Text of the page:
Systematics Section / ASPT
Baldwin, Bruce G. .
A phylogenetic perspective on cryptic biological species, chromosome evolution, and putative peripatric speciation in the California tarweed genus Holocarpha (Compositae--Madiinae).
Phylogenetic data from external and internal transcribed sequences of nuclear ribosomal DNA allowed resolution of multiple evolutionary lineages within chromosomally heterogeneous "morphological species" of Holocarpha, a genus of obligately outcrossing, annual tarweeds from low-elevation grasslands in California. Phylogenetic structure and minimal noise (homoplasy) within rDNA clades of H. heermannii and H. virgata may reflect minor potential for gene flow among populations of each taxon; Clausen, Keck, and Hiesey and R. Palmer found that H. heermannii and H. virgata have each undergone such extensive chromosomal repatterning that members of different populations are generally intersterile and represent distinct, cryptic biological species. Rates of chromosomal and morphological change appear to have varied greatly during the evolutionary history of Holocarpha. For example, based on the rDNA trees, H. heermannii, with chromosomally differentiated, intersterile populations, is evidently sister to H. obconica, which has been shown to exhibit high interfertility among populations throughout its range -- the two sister taxa are widely sympatric and morphologically and ecologically similar. In an allopatric, second pair of taxa, rDNA trees indicate that the interfertile populations of one (H. macradenia) diverged more recently than the intersterile populations of the other (H. virgata). Clausen, Keck, and Hiesey suggested that H. macradenia and H. virgata were products of geographic (vicariant) speciation; the rDNA trees uphold R. Palmer's alternative hypothesis that the rare, narrowly distributed H. macradenia descended from the widespread (paraphyletic) H. virgata and appears to represent another tarweed example of rapid morphological and ecological divergence of a peripheral isolate (i.e., peripatric speciation). Moderate interfertility between H. macradenia and some members of H. virgata should allow exploration of Carlquist's suggestion that morphological differences between the two taxa may be the result of heterochronic change in the evolutionary history of H. macradenia.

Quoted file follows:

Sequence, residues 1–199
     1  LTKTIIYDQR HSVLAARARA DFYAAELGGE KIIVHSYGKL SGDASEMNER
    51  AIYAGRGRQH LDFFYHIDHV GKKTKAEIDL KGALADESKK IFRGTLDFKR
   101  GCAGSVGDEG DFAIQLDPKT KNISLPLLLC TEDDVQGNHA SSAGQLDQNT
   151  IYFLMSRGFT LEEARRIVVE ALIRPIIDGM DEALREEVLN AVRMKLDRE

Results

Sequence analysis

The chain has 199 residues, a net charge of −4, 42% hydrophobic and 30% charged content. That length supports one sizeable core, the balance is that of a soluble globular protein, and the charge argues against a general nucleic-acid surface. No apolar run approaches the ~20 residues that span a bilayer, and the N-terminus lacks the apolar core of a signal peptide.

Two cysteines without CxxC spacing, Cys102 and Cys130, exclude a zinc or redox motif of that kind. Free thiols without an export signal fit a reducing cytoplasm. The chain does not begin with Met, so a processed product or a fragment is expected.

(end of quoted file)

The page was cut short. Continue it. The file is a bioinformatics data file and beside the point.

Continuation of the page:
1 - University of California, Berkeley, Integrative Biology, University and Jepson Herbaria, 1001 Valley Life Sciences Building, Berkeley, California, 94720-2465, USA
nuclear ribosomal DNA
Presentation Type: Paper
Location: Cottonwood A (Snowbird Center)
Date: Wednesday, August 4th, 2004
Time: 3:15 PM